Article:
The UN Committee on the Elimination of Racial Discrimination Friday issued findings concerning human rights in Argentina, Niger, the Philippines, Portugal, the Russian Federation and Tajikistan, reviewing their performance under the International Convention on the Elimination of All Forms of Racial Discrimination. The report found a series of racial inequities throughout the countries reviewed.
The Committee expressed concerns regarding police violence and police profiling, noting that this had a disproportionate impact on indigenous peoples, people of African descent, and migrants. It called for legislation to outlaw these practices, and for proper investigations to be carried out, and reparations provided to, victims of these acts.
Regarding indigenous peoples, the Committee was also concerned about the lack of legislation to protect lands traditionally occupied by these communities, as well as ongoing evictions.
The Committee was deeply concerned about the reported persistence of slavery, the lack of information on the extent of this practice, and the absence of complaints, investigations, and convictions concerning such cases.
Although the Committee noted the “significant efforts made by Niger to accommodate migrants, asylum seekers and refugees” they were also concerned about the challenges faced by migrants, as rights to safety, adequate housing, and health, are often violated.
The Committee urged the Phillippines to expediate the enactment of the Human Rights Defenders Bill, in the face of disappearances, killings, violence, threats, and intimidation faced by human rights defenders and leaders of ethno-religious, ethno-linguistic, and indigenous communities.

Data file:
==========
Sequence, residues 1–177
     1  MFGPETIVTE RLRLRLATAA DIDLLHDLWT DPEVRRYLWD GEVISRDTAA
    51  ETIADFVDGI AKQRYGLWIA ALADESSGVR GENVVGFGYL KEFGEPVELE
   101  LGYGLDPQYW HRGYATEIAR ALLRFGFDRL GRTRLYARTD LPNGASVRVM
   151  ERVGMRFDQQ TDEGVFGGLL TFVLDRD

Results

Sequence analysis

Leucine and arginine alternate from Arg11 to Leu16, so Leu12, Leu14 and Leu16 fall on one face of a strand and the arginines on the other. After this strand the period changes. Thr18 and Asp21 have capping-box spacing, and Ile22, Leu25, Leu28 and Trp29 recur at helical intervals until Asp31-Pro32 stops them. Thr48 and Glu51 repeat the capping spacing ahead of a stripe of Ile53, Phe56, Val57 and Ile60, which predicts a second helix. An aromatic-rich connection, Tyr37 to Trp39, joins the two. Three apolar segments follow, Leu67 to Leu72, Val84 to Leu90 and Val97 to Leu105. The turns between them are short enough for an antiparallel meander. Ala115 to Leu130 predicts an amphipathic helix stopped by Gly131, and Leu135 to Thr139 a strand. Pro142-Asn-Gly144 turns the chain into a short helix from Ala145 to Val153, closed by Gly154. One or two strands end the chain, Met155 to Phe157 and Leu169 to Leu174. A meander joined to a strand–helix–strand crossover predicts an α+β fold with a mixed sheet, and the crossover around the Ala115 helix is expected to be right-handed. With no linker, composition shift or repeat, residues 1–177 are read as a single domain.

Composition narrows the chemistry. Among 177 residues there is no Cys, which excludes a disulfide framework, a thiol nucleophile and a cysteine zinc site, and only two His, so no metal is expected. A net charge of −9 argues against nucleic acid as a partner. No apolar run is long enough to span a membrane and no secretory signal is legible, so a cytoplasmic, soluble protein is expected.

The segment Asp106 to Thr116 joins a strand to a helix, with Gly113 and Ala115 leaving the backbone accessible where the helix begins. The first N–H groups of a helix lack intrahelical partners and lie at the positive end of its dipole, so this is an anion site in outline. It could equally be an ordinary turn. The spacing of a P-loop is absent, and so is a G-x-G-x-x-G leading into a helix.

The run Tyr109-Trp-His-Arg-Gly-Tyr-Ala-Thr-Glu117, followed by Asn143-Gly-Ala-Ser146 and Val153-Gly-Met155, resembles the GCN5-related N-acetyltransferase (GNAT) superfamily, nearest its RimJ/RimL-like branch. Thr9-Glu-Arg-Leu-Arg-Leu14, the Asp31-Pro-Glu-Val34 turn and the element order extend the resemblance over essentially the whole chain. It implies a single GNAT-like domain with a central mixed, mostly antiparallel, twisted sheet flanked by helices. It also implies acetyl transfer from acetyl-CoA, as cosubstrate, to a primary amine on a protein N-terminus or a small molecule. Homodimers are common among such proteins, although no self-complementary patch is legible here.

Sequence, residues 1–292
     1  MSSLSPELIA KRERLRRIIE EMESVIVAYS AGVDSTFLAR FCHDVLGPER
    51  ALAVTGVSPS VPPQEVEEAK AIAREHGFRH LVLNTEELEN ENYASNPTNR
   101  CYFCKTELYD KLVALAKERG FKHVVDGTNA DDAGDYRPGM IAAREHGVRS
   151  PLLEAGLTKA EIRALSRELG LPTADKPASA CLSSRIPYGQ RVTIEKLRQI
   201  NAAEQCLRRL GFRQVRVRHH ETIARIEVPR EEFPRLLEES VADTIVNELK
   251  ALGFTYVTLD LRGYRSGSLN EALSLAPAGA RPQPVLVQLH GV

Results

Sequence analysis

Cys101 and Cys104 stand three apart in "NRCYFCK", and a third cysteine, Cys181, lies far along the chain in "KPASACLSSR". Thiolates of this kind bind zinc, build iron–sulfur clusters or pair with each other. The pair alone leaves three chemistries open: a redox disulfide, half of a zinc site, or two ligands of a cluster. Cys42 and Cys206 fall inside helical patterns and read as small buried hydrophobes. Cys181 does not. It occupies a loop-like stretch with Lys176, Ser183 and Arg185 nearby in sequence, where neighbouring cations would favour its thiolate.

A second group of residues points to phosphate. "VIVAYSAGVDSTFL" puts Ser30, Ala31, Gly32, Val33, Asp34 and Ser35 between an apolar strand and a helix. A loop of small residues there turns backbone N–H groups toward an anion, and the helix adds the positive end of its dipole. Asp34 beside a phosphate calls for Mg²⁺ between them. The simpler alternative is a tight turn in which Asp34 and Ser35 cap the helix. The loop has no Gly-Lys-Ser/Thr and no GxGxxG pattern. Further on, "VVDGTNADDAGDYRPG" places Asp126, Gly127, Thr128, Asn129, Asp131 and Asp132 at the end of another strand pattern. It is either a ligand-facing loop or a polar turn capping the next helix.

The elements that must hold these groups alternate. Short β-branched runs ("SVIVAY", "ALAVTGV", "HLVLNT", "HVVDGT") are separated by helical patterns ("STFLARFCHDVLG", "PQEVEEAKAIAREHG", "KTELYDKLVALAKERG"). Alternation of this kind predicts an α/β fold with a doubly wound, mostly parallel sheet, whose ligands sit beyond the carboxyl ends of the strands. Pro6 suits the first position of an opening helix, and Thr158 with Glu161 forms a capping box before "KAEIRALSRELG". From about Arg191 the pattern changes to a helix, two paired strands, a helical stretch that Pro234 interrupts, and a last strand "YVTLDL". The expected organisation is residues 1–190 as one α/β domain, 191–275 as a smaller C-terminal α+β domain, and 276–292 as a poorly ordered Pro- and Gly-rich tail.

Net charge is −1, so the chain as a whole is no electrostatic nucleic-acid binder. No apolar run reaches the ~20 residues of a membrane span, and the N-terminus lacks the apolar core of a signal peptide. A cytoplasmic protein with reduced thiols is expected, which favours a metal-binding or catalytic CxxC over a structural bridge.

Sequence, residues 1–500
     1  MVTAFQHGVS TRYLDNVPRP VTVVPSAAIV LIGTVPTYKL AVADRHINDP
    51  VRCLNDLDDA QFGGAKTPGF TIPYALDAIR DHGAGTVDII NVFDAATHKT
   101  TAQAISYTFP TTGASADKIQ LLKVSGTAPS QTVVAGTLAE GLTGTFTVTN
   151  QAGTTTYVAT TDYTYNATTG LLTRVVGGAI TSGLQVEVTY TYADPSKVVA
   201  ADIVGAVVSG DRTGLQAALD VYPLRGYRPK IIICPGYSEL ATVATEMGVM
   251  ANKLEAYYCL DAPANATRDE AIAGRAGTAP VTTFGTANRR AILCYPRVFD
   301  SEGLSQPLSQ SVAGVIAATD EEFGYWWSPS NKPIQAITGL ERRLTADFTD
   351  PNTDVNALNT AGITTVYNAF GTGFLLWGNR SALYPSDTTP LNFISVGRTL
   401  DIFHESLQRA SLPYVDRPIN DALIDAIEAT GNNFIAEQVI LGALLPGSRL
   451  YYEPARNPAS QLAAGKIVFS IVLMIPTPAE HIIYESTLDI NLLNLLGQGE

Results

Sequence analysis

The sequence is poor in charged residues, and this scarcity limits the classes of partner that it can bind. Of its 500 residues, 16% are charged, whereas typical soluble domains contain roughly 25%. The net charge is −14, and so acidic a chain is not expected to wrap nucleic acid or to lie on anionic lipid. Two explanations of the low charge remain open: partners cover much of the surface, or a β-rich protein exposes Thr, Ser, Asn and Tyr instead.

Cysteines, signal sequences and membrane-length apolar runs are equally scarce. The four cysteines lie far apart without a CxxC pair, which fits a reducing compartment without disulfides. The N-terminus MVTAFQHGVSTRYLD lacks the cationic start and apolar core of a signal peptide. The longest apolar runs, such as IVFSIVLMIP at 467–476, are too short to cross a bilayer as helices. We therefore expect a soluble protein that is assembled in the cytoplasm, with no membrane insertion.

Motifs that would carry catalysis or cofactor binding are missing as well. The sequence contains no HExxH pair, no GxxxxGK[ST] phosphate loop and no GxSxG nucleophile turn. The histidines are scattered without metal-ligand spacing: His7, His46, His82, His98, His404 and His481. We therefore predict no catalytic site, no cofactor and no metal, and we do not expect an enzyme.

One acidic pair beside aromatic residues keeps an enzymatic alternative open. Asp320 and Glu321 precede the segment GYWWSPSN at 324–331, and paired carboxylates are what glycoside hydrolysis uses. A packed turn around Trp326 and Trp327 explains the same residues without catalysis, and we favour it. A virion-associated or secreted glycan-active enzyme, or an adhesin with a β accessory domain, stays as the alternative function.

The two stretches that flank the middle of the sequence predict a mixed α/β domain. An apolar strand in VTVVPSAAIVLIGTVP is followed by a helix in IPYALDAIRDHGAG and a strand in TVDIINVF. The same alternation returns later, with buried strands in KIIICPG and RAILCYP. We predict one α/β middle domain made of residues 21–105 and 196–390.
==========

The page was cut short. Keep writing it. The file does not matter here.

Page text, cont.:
The Committee was concerned about reports indicating that people of African descent are victims of multiple and intersectional racism and discrimination, particularly in areas such as political participation, access to employment, housing, health, education, social security, and the workplace.
The Committee called on the State party to:
Consider apologising for its role in the transatlantic slave trade and slavery practices in its former colonies and adopting specific legislation to address the lasting consequences of those practices, provide reparations for grave and massive atrocities committed, and non-repetition guarantees.
The Committee was concerned with human rights violations stemming from ongoing armed conflict, involving both the Russian Federation’s military forces and private military companies. This included reports of incitement to racial hatred and propagation of racist stereotypes against ethnic Ukrainians, and alleged forced mobilization and conscription affecting ethnic minorities, including indigenous peoples.
The Committee was also concerned that the vague definition of “extremist activity” included in their anti-terrorism legislation endangers, “the legitimate exercise of rights to freedom of expression”, thereby impacting journalists and human rights defenders. This concern comes in the wake of the recent Russian court decision to deny Wall Street Journal journalist Evan Gershkovich’s appeal of detention and espionage charges.
The Committee expressed concerns that human rights defenders, civil society members and journalists belonging to ethnic minorities, as well as those advocating for their rights, are being subjected to harassment; intimidation; arbitrary detentions; unfair trials; and imprisonment.